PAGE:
Fast Foreword: The Editor's Column, June/July 2006
By Tom White
Take a region rife with resources. Add a steaming gruel of politics and punditry. Stir in a hefty heap of history, civics, discourse, debate and discussion. What you've got is Washington, DC, a vital nerve center of documentary filmmaking.
"Docuwood," as The Los Angeles Times and The Hollywood Reporter both claim to have anointed the nation's capital, warrants an issue-wide look, and I thank Lauren Cardillo and Pat Aufderheide for their help in making this issue possible. Thanks also to Susan Ivers, Mary Specht, Adrena Ifill, Aviva Kempner, Charlotte Hendrix and Jim Romeo for their contributions.
But the story that has shaken the nationwide documentary community over the past month has been the Smithsonian Institute's deal with Showtime Networks, one struck by Smithsonian Business Ventures Unit in an effort to open a revenue stream in the face of declining support from the federal government. The deal, as most of you know, resulted in Smithsonian Networks, tentatively slated to launch in December as an on-demand cable channel. The basic stipulations of the deal--the Smithsonian would allow "incidental use," at best, of its assets, and anything beyond incidental use would have to be offered, in a sort of "only look" deal, to Smithsonian Networks--would significantly limit access to not only the Smithsonian's prodigious collection, but also its curators. What's more, in the event that filmmakers do exceed the "incidental use" stipulation, this arrangement would seriously undermine their right to offer their work to the highest bidder and would jeopardize longstanding relationships these filmmakers might enjoy with, say, PBS, National Geographic or The History Channel.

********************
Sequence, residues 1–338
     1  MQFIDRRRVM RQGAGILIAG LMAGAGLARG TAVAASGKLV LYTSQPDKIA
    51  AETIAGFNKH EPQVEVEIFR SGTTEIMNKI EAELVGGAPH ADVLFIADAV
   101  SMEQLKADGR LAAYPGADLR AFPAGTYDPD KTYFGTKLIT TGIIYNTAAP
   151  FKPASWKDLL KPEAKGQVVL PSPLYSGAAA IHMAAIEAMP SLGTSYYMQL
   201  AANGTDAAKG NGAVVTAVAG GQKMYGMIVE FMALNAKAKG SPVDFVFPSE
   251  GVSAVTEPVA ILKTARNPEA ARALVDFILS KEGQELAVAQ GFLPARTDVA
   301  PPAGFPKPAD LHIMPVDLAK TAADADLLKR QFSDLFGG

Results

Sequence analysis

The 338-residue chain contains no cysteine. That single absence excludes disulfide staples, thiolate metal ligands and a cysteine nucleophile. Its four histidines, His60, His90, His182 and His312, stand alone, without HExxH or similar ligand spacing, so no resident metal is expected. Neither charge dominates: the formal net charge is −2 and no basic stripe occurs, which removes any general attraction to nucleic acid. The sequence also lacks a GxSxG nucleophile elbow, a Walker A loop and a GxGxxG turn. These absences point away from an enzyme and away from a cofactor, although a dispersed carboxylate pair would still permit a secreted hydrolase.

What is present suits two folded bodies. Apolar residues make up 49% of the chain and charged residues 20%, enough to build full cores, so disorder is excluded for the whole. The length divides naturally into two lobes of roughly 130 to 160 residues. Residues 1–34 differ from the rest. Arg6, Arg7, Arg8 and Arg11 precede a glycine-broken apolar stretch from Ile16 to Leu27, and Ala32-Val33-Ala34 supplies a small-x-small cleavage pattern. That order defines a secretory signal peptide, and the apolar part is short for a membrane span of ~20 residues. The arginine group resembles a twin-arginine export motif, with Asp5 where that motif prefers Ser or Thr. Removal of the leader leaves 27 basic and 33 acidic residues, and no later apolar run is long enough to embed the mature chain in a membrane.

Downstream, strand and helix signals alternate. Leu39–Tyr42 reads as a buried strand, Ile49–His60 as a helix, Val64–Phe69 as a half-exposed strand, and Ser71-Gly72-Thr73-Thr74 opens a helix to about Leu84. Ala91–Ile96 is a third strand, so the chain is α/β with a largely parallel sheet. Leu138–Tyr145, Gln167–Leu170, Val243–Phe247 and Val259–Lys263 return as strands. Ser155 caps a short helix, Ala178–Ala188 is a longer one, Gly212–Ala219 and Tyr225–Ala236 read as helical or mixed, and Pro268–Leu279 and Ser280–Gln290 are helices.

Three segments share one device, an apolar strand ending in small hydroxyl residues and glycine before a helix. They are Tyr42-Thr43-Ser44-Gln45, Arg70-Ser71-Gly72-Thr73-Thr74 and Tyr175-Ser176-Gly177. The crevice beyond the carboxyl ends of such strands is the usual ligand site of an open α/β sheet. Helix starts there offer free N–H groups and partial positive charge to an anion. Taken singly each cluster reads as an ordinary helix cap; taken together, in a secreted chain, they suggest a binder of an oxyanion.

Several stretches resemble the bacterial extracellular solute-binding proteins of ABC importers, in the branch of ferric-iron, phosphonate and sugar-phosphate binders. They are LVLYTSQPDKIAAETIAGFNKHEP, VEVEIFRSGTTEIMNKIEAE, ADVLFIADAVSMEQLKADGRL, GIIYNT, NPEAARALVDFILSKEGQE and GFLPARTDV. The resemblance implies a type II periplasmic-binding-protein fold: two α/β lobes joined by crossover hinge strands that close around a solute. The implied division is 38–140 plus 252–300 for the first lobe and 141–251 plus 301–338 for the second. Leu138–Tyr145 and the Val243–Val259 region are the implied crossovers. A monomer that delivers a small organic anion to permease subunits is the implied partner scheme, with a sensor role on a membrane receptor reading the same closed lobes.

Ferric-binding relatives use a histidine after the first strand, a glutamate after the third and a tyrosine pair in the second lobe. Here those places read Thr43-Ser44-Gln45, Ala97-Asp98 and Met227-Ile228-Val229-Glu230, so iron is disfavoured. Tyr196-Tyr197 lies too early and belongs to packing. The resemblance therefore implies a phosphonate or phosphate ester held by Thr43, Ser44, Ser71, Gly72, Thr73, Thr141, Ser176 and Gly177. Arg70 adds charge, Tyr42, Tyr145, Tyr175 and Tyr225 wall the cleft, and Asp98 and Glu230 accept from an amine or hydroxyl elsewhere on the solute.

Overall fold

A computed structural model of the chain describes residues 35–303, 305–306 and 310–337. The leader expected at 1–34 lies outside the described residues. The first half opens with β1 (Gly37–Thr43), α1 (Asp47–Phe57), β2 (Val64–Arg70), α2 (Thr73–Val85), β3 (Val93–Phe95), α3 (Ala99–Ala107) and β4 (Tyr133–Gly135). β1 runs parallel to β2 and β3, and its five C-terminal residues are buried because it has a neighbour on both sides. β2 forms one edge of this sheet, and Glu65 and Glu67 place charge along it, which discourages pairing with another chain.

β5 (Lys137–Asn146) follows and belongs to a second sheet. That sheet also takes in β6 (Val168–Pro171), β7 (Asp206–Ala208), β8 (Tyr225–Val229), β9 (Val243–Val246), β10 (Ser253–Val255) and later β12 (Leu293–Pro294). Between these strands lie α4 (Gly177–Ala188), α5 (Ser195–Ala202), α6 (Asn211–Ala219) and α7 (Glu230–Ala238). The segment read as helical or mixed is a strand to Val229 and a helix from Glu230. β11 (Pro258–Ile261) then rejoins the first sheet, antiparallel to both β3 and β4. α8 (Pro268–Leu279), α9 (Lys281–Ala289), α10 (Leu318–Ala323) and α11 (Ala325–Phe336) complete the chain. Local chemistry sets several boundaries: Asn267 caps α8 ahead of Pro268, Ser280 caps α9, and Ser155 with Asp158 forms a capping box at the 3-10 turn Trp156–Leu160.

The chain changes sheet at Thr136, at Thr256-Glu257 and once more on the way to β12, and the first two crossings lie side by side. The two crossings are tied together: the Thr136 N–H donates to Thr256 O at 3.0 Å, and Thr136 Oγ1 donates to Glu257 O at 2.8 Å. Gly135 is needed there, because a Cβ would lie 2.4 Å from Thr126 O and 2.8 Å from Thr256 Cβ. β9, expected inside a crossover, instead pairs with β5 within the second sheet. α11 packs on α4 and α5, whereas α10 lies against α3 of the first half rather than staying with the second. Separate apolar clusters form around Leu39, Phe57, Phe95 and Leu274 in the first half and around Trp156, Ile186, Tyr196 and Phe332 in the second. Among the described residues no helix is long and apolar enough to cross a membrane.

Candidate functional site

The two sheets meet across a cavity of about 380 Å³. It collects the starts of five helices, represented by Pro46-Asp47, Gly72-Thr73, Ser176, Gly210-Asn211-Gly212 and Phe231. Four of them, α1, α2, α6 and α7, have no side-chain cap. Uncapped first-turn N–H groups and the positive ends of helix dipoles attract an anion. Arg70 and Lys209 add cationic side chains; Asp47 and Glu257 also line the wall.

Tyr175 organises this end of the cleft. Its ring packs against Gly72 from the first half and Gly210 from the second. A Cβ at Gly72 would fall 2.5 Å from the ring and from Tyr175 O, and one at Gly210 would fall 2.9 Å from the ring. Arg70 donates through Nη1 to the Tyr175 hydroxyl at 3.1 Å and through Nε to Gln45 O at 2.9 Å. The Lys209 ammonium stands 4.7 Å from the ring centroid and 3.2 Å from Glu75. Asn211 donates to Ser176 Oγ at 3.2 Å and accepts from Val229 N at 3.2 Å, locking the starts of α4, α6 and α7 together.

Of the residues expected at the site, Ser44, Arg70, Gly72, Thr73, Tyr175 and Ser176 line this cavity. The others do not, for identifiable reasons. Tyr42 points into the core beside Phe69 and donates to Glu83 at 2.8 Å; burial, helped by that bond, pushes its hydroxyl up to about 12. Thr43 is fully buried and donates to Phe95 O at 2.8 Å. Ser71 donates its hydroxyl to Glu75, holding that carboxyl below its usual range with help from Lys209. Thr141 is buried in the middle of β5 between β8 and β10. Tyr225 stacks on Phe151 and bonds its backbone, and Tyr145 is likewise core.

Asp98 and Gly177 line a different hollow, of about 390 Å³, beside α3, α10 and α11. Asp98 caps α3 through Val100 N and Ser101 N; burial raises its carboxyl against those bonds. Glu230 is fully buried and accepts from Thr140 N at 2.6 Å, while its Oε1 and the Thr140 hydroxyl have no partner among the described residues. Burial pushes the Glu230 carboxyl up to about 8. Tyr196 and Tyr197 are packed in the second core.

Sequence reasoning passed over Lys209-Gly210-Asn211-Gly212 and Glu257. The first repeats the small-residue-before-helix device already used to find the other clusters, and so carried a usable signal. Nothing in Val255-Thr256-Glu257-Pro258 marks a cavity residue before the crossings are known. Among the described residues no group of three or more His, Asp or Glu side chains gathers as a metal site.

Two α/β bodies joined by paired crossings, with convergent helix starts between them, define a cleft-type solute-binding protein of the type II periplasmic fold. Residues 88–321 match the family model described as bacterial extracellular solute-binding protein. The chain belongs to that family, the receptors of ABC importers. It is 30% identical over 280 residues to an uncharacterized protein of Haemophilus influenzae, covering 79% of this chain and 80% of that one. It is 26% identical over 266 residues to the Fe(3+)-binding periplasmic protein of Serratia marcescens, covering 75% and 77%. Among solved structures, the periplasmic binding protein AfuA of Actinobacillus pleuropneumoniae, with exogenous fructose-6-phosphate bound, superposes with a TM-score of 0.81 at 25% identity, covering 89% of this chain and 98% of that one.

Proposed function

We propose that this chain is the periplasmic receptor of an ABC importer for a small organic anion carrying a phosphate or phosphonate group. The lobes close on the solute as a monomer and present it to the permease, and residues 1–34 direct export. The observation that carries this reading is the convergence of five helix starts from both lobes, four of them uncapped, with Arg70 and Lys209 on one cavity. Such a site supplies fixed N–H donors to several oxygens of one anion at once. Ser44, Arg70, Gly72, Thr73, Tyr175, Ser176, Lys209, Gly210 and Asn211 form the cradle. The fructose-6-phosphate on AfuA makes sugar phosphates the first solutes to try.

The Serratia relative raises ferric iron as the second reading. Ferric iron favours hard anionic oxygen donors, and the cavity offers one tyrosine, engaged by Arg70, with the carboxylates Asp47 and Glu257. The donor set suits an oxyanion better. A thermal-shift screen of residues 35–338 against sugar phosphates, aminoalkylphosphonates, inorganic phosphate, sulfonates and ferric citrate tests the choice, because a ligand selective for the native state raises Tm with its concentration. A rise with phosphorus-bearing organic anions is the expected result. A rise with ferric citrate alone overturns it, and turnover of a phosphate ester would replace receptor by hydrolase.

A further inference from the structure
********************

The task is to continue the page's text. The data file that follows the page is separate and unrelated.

Smithsonian Business Ventures apparently announced this deal without informing the Smithsonian staff first. And there was never a public hearing about it. Given that the Smithsonian was created by an act of the US Congress, and 75 percent of its budget is funded by the American people, the fact that the institute would privatize to this extent has set off alarms not only in the filmmaking community, but also among educators, historians, librarians and attorneys. At press time, Carl Malumud of the Center for American Progress had delivered a letter, signed by hundreds of members of the aforementioned constituencies, to Smithsonian Secretary Lawrence M. Small, as well as to members of Congress, asking the Smithsonian to stop the arrangement with Showtime, and hold hearings about this policy with the general public.
At issue here is accountability and transparency. While it's not uncommon for nonprofit organizations to launch separate for-profit ventures, the Smithsonian Institution is too entrenched and revered as a public American institution, charged with safeguarding our national heritage, to go so dramatically against the grain. The stakes are too high and the stakeholders are too many for this agreement to move forward.
Yours in actuality,